The Open Agent includes a sophisticated locator generator mechanism that guarantees locators are unique at the time of recording and are easy to maintain. Depending on your application and the frameworks that you use, you might want to modify the default settings to achieve the best results and stable recognition of the controls in your application. You can use any property that is available in the respective technology as a custom attribute, given that the property is either a number, like an integer or a double, a string, an item identifier, or an enumeration value.
A well-defined locator relies on attributes that change infrequently and therefore requires less maintenance. Using a custom attribute is more reliable than other attributes like caption or index, since a caption will change when you translate the application into another language, and the index might change when another object is added.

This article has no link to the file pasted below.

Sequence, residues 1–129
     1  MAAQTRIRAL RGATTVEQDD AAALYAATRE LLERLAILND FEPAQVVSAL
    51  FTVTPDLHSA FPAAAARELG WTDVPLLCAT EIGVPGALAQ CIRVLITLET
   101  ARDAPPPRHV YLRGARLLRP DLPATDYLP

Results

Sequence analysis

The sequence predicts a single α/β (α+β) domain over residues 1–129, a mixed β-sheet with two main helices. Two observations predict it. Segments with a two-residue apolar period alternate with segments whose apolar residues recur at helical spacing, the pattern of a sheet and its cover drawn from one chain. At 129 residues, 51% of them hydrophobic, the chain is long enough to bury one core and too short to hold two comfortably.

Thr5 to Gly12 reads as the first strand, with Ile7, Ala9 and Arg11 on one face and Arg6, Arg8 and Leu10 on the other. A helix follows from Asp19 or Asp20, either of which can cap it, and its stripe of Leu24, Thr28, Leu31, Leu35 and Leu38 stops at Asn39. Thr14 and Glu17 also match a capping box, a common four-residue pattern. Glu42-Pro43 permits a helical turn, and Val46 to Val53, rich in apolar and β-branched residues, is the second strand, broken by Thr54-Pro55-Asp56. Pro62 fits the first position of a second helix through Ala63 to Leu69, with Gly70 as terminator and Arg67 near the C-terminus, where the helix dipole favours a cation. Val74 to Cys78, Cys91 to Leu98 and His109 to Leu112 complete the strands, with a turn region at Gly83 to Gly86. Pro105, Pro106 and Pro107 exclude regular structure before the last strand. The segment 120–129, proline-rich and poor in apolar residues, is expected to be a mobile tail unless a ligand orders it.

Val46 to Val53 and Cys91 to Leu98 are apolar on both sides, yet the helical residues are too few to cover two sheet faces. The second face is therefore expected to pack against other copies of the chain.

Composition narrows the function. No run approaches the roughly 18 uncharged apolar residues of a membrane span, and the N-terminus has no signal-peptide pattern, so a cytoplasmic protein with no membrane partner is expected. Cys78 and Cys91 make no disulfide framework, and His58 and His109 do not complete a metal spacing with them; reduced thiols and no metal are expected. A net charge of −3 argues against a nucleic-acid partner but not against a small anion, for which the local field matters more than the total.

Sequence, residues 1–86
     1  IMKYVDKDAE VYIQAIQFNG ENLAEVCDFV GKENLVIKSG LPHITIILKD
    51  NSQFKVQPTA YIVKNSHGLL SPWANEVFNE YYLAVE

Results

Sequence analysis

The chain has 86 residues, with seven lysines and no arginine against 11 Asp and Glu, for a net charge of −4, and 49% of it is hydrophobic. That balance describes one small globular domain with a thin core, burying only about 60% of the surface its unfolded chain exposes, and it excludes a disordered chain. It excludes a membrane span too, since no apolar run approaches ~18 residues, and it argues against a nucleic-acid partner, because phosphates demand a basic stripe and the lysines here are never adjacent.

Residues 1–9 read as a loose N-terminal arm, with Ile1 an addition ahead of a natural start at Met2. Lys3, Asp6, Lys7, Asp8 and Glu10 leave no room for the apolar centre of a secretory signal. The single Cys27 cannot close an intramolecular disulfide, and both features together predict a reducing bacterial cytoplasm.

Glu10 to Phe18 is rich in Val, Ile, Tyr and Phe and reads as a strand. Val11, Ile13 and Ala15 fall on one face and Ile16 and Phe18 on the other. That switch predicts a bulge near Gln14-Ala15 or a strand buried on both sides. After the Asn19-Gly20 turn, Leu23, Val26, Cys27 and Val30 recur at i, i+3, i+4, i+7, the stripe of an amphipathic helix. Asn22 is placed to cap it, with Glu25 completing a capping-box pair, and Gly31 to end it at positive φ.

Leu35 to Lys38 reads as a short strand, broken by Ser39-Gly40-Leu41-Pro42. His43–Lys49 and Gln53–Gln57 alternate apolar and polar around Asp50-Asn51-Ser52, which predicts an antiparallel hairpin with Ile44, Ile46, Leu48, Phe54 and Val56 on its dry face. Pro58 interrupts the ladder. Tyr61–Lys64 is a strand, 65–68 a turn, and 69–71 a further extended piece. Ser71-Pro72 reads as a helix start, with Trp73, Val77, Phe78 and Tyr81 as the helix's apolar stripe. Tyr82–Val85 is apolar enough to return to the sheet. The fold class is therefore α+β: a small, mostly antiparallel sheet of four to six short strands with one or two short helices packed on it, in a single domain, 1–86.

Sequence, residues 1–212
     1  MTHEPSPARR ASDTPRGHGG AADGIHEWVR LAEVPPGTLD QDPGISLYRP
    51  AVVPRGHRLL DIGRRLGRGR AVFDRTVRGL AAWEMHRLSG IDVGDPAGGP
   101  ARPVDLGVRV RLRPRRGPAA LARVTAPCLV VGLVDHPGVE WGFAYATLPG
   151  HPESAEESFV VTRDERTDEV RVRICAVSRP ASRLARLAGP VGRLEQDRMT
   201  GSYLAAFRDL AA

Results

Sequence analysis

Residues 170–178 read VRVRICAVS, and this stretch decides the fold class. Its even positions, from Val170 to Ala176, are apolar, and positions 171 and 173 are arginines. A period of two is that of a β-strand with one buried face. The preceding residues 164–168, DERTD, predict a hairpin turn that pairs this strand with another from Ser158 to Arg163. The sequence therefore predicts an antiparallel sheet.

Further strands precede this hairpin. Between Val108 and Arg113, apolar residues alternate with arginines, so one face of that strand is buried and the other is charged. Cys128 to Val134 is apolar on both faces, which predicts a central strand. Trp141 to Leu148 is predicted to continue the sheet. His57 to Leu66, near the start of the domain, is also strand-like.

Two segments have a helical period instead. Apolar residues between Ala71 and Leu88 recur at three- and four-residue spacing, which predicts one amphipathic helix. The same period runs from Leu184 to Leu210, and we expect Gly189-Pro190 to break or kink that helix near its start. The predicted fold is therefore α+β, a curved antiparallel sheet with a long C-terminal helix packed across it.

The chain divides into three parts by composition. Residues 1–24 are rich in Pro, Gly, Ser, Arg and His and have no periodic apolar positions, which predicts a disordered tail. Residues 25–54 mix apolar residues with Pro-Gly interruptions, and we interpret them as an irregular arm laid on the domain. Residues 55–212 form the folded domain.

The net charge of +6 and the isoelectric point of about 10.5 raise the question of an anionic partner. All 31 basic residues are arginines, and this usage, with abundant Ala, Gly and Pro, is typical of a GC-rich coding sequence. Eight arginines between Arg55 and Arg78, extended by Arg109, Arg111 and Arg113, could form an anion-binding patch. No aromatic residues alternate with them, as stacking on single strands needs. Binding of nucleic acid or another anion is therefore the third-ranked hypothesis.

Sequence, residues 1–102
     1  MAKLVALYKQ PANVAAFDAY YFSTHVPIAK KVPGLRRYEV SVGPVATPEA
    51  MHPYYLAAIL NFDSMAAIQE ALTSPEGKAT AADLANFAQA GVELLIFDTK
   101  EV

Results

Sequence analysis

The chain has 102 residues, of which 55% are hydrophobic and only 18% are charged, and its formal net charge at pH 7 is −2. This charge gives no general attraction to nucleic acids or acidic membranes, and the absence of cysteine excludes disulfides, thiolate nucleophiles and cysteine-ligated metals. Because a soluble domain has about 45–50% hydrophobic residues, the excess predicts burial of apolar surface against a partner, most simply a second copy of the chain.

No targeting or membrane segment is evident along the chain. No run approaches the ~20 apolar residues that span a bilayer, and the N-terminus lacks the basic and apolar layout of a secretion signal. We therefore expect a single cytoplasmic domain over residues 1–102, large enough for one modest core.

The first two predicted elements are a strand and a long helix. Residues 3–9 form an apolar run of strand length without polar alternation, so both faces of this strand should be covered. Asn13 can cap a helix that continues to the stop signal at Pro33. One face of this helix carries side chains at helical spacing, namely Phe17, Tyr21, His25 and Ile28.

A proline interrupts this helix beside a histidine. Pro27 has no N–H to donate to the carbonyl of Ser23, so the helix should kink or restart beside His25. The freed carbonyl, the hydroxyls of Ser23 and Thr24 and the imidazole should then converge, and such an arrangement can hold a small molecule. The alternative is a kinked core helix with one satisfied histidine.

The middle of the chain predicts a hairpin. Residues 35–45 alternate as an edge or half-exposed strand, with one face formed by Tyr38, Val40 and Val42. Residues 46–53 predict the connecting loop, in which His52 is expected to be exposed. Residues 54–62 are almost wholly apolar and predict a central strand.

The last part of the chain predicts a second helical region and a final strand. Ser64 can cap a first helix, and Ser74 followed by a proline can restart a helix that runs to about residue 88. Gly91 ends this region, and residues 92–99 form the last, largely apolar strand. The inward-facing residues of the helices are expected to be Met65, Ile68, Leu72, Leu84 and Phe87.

In xBrowser, WPF, Java SWT, and Swing applications, you can also retrieve arbitrary properties, such as a WPFButton that defines myCustomProperty, and then use those properties as custom attributes. To achieve optimal results, the application developers can add a custom automation ID to the controls that you want to interact with in your test. In Web applications, the application developers can add an attribute to controls that you want to interact with, such as <div myAutomationId=”my unique element name” />. This approach can eliminate the maintenance associated with locator changes. Or, in Java SWT, the UI developer can define a custom attribute, for example testAutomationId, for a widget that uniquely identifies the widget in the application. You can then add that attribute to the list of custom attributes, in this case testAutomationId, and you can then identify controls by that unique ID. This approach can eliminate the maintenance associated with locator changes.
If more than one objects have the same custom attribute value assigned, all the objects with that value will be returned when you call the custom attribute. For example, if you assign the unique ID loginName to two different text boxes, both text boxes will be returned when you call the loginName attribute.To define which custom attributes of a locator should be used for the recognition of the controls in your AUT: